Objection 3: Further, Dionysius says (Div. Nom. iv) that evil is "weak and incapable." But weakness or inability either takes away or diminishes guilt. Therefore a human action does not incur guilt from being evil.
On the contrary, The Philosopher says (De Virt. et Vit. i) that "virtuous deeds deserve praise, while deeds that are opposed to virtue deserve censure and blame." But good actions are virtuous; because "virtue makes that which has it, good, and makes its action good" (Ethic. ii, 6): wherefore actions opposed to virtue are evil. Therefore a human action deserves praise or blame, through being good or evil.
I answer that, Just as evil is more comprehensive than sin, so is sin more comprehensive than blame. For an action is said to deserve praise or blame, from its being imputed to the agent: since to praise or to blame means nothing else than to impute to someone the malice or goodness of his action. Now an action is imputed to an agent, when it is in his power, so that he has dominion over it: because it is through his will that man has dominion over his actions, as was made clear above (Q, AA,2). Hence it follows that good or evil, in voluntary actions alone, renders them worthy of praise or blame: and in such like actions, evil, sin and guilt are one and the same thing.
Reply to Objection 1: Natural actions are not in the power of the natural agent: since the action of nature is determinate. And, therefore, although there be sin in natural actions, there is no blame.
Reply to Objection 2: Reason stands in different relations to the productions of art, and to moral actions. In matters of art, reason is directed to a particular end, which is something devised by reason: whereas in moral matters, it is directed to the general end of all human life. Now a particular end is subordinate to the general end. Since therefore sin is a departure from the order to the end, as stated above (A), sin may occur in two ways, in a production of art. First, by a departure from the particular end intended by the artist: and this sin will be proper to the art; for instance, if an artist produce a bad thing, while intending to produce something good; or produce something good, while intending to produce something bad. Secondly, by a departure from the general end of human life: and then he will be said to sin, if he intend to produce a bad work, and does so in effect, so that another is taken in thereby. But this sin is not proper to the artist as such, but as man. Consequently for the former sin the artist is blamed as an artist; while for the latter he is blamed as a man. On the other hand, in moral matters, where we take into consideration the order of reason to the general end of human life, sin and evil are always due to a departure from the order of reason to the general end of human life. Wherefore man is blamed for such a sin, both as man and as a moral being. Hence the Philosopher says (Ethic. vi, 5) that "in art, he who sins voluntarily is preferable; but in prudence, as in the moral virtues," which prudence directs, "he is the reverse."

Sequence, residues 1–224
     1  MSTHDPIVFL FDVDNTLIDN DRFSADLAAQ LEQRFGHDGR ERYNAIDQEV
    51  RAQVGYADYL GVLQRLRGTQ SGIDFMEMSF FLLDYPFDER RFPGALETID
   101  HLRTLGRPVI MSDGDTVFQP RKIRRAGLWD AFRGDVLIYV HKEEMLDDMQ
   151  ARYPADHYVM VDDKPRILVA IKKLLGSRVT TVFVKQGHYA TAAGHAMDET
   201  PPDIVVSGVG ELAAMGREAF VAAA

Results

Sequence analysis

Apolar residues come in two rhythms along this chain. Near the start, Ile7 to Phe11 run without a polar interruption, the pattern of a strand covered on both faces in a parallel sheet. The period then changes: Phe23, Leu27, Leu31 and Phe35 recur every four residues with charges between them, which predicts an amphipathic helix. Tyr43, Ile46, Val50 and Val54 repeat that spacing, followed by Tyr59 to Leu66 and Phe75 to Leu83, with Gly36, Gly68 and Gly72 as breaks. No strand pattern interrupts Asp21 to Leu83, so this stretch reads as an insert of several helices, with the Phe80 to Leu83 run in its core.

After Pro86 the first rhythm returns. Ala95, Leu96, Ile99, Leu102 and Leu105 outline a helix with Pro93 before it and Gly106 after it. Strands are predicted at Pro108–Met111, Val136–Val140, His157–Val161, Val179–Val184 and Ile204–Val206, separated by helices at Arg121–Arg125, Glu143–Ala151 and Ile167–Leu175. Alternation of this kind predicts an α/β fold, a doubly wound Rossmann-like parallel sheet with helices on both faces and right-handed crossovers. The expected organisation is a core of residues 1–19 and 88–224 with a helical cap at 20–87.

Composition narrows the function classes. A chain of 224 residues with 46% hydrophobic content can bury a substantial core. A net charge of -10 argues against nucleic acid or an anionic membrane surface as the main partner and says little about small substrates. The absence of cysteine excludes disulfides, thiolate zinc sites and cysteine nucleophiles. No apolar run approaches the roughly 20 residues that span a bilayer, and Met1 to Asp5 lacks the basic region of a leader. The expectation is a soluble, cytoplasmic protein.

Reply to Objection 3: Weakness that occurs in voluntary evils, is subject to man's power: wherefore it neither takes away nor diminishes guilt.
Objection 1: It would seem that a human action is not meritorious or demeritorious on account of its goodness or malice. For we speak of merit or demerit in relation to retribution, which has no place save in matters relating to another person. But good or evil actions are not all related to another person, for some are related to the person of the agent. Therefore not every good or evil human action is meritorious or demeritorious.
Objection 2: Further, no one deserves punishment or reward for doing as he chooses with that of which he is master: thus if a man destroys what belongs to him, he is not punished, as if he had destroyed what belongs to another. But man is master of his own actions. Therefore a man does not merit punishment or reward, through putting his action to a good or evil purpose.
Objection 3: Further, if a man acquire some good for himself, he does not on that account deserve to be benefited by another man: and the same applies to evil. Now a good action is itself a kind of good and perfection of the agent: while an inordinate action is his evil. Therefore a man does not merit or demerit, from the fact that he does a good or an evil deed.
On the contrary, It is written (Isa. 3:10, 11): "Say to the just man that it is well; for he shall eat the fruit of his doings. Woe to the wicked unto evil; for the reward of his hands shall be given him."